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Ontogeny recapitulates cosmogony?

The Grey Man

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A particular idea has been haunting my brain for the past year or two years, and I want to hear what some of the clever members of this forum have to say about it.

Ernst Haeckel's well-known formula is "ontogeny recapitulates phylogeny," meaning that the development of an individual specimen may resemble the development of its species in some way. I don't know the specific details of Haeckel's naturalistic theories, but there is reason to believe that he was at least generally right. We speak of species using words that we would normally use to speak of their specimens (e.g., man was in his infancy when he was stalked by the saber-toothed tiger), and write about individual lives in terms would not be out of place in an historical account (e.g., Mark won a battle with depression); and such analogies are often justified by frank similarities between the literal meaning of the message and its metaphorical one.

My query is whether the development of a man (or mankind) may not also resemble the development of the universe as a whole or, if change cannot justly be attributed to the universe, at least what it is essentially, notwithstanding all the temporal accidents of observation by which we paradoxically distinguish between 'I' and 'I'. Does our direct experience of the will and intellect of the observer tell us something about the observed, matter and space? Can we say something fundamental about the universe by drawing an analogy between it and the life of man?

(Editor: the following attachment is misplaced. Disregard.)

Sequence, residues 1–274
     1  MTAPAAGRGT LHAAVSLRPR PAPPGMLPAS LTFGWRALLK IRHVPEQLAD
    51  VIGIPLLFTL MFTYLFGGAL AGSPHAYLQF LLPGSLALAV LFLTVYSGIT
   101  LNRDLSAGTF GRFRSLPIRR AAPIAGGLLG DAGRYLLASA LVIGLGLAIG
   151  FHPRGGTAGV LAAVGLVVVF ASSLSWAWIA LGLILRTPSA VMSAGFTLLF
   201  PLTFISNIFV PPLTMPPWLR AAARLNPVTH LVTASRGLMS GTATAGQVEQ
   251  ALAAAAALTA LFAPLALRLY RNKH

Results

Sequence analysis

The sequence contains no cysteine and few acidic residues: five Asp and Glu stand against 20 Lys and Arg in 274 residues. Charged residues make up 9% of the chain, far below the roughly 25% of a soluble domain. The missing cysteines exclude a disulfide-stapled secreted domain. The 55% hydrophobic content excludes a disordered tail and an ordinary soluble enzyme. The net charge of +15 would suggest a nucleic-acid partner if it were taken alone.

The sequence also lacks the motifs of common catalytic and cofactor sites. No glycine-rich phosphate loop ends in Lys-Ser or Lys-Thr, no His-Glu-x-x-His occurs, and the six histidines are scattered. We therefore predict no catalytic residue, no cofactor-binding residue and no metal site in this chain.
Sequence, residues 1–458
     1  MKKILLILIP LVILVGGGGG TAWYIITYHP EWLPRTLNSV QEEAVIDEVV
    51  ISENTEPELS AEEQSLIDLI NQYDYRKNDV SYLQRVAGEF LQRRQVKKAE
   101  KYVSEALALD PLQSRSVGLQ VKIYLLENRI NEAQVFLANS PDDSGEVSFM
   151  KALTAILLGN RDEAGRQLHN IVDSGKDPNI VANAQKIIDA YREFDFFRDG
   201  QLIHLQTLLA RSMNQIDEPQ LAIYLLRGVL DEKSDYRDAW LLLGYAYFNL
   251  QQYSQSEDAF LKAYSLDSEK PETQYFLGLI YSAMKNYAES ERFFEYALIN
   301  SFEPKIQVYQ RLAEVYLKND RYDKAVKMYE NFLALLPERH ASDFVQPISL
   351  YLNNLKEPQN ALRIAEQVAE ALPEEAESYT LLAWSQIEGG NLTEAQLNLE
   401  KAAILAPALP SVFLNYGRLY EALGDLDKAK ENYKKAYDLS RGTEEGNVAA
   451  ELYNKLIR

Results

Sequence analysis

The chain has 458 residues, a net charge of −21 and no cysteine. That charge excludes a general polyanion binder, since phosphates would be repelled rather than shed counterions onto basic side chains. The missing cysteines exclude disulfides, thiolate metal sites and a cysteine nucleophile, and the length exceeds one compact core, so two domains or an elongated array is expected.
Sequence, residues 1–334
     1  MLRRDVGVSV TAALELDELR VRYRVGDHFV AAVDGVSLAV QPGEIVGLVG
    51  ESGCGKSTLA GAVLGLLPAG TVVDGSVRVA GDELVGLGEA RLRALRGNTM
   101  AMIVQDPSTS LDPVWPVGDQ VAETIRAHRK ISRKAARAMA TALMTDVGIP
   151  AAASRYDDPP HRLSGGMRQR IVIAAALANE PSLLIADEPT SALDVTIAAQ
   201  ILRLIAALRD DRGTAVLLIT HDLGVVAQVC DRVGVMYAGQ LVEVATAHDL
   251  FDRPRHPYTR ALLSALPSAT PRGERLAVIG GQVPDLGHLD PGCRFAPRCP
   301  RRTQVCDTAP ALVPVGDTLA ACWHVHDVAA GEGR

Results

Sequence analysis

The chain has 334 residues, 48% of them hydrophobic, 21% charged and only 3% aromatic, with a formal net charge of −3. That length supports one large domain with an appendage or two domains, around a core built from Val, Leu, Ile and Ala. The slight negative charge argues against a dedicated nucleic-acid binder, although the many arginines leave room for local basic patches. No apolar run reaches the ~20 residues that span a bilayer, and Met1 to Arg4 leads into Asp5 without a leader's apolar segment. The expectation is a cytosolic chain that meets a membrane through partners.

Obviously, such an analogy would be cosmological rather than zoological, theological rather than naturalistic, and would lie at the intersection of science and religion, perhaps expressing the essential core or distillation of human knowledge, precisely as God or matter is supposed to be the 'Hypostasis' or unconditioned 'absolute' substantial to the phenomenal world of relativity. What think you?

I think there is an element of human experience that science does not recognize, something that Goethe (who, tellingly, was both a poetical genius and a first-rate naturalist) understood, though he could never convincingly communicate his insights to the civilized world. I mean the demonic. I mean tension—not physical tension, but personally felt anguish, abandonment, the dark night of the soul. Science must needs look at things like this through the screen of cool, impersonal observation, enmeshing suffering within a latticework of actions and reactions that can be analyzed and correlated in abstracto. But such calculations always fail to account for a residue. The most insidious experimental error of all is the experimenter himself who, invariably, must put down his tools, go to bed, and receive nocturnal visitations of hope and fear, as we all do.
 

ApostateAbe